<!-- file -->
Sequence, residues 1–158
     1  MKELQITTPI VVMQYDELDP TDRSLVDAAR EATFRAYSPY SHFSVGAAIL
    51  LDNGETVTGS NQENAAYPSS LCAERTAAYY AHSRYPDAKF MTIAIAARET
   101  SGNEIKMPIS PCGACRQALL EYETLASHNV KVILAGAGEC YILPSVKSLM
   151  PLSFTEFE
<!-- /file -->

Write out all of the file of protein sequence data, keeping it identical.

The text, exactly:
Sequence, residues 1–158
     1  MKELQITTPI VVMQYDELDP TDRSLVDAAR EATFRAYSPY SHFSVGAAIL
    51  LDNGETVTGS NQENAAYPSS LCAERTAAYY AHSRYPDAKF MTIAIAARET
   101  SGNEIKMPIS PCGACRQALL EYETLASHNV KVILAGAGEC YILPSVKSLM
   151  PLSFTEFE